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December 19, 2015
Brooklyn, New York
Ohio State - 74, Kentucky - 67
Q. Marcus, there was a lot of pressure on Skal coming into this year, people talking about him being a potential Number 1 pick. It hasn't turned out as far as he would hope. Do you feel like he's pressing at all right now?
MARCUS LEE: You forget he's a freshman. He's going to do freshman things, like all basketball players. Here at Kentucky, he has to speed things up and figure things out quicker. Once he starts figuring out the flow of Kentucky basketball and what he has to do for us to win, he'll be fine.
Q. Marcus, the game had a lot of wild swings where one team had a lot of momentum than the other. What do you attribute that to?
MARCUS LEE: The game of basketball. Do you want to be one sided? That would be kind of boring. That's just how basketball is played. The person down doesn't stay down the whole game. It's just big basketball players battling.
Q. Marcus, if you take something positive out of this, what Jamal was able to do to sort of ignite you guys in the second half, is that what you guys need him to be? And maybe is this a coming out party for him, do you think?
MARCUS LEE: That's exactly what we need him to do. We need that fire at all points of the game. We can't light it under him and then he goes, just so we can start going. We need him to start picking it up earlier and getting into it earlier.
Q. Marcus, 30 percent shooting in the second half, is that what ultimately led to your loss tonight?
MARCUS LEE: They came into the game fired up and made a whole lot of threes and made a whole lot of buckets, and we just couldn't get into the flow.
Q. Marcus, it seemed like you guys were fighting and scrapping and diving for loose balls and rebounds. Yet there wasn't much of a reward. At the other end offensively shots weren't falling. Did it feel that way to you? How frustrating does that get to be?
MARCUS LEE: The game as a whole was just frustrating. Seeing our team dive to the ball and trying to win the game and not worrying about anything else is a good thing coming out of the game, a good thing that we've learned to battle and that's something we've always worked on. So that's always a plus.
Q. Marcus, with Murray in the second half, I think he made seven threes. How much of this was called plays, exact called plays, and how much of it was someone just feeling it?
MARCUS LEE: Once somebody feels it, we understand it immediately. If we don't see it, Ty will see it or Coach Cal will see it. We go back to it over and over again. It's like if Skal's having a great game, we go straight to him.
Q. With Louisville coming to Rupp next weekend, how do you regroup for that big game coming up?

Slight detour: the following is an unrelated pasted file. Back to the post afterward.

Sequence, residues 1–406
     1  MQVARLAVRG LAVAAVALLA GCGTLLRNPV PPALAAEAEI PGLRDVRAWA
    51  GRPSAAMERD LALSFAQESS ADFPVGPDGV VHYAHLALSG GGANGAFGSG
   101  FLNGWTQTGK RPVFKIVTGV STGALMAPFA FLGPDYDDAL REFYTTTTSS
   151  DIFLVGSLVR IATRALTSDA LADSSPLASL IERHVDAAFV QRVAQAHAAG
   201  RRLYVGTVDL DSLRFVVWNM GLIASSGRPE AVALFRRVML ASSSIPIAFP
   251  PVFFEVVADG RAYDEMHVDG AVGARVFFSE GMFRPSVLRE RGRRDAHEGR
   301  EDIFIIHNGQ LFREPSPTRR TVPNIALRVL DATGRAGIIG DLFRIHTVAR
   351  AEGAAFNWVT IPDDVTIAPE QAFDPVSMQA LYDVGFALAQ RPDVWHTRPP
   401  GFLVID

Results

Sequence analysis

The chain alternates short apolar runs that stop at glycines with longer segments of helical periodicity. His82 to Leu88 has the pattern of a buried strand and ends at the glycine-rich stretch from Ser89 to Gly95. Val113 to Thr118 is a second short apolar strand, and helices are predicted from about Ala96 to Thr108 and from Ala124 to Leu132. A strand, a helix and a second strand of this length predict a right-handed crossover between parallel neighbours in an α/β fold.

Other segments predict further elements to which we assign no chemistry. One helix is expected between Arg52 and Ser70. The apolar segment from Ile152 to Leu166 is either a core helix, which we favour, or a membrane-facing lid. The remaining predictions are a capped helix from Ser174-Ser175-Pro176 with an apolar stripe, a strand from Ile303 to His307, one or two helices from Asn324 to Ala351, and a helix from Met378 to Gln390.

MARCUS LEE: Louisville is always a big game for us. It's in-state rivalry. We have a really long way to go from our goal, and Louisville is just another game, another step for us to get to.
Q. Marcus, if you could take stock of the team right now, what are some of the things you like about what you're seeing and what are some of the things you guys need to do to grow in the next two, three, four weeks to be where you want to be by March?
MARCUS LEE: Right now we're learning fast. We need to learn a whole lot faster. This is Kentucky. Yeah, he's a freshman. Yeah, we're pretty new at this. Alex is coming off an injury. I haven't played very much. We need to learn a whole lot faster and pick it up to get to where we need to be in March.
Q. Marcus, how do you think the freshmen are going to handle kind of setbacks? In the past, freshmen have gotten off to such great starts. Do you think these early losses can help them?
MARCUS LEE: I mean, freshmen go through it differently. Not all freshmen are the same. Once they get pushed through diversity, they have to start figuring it out. Right now we're still trying to figure that out.
Q. Marcus, just defensively, specifically, both your performance and the team's. Besides execution generally, what's one thing you want to be better at next weekend?
MARCUS LEE: We really picked up defensively-wise in the second half, and we picked up the aggression, and we were able to be the aggressor. That's something we'll really try to do here, especially with our guards and us being able to switch a lot of the pick-and-roll. We just need to play to our strengths.
Q. John, do you have any concerns with this team or challenges with this team that you haven't had with previous teams while specifically at Kentucky?
COACH CALIPARI: Well, we still have to learn how to win. We had the plays. First of all, we didn't start the game. They were the aggressor, and they came after us.
So you're down -- the way we ended the half wasn't winning basketball. We took a bad shot. They make a three. Fifteen seconds to go, you take one shot, and the kid came down and went nuts. Threw it, five seconds and another three. Now you're down 12 instead of 6. That's not winning basketball.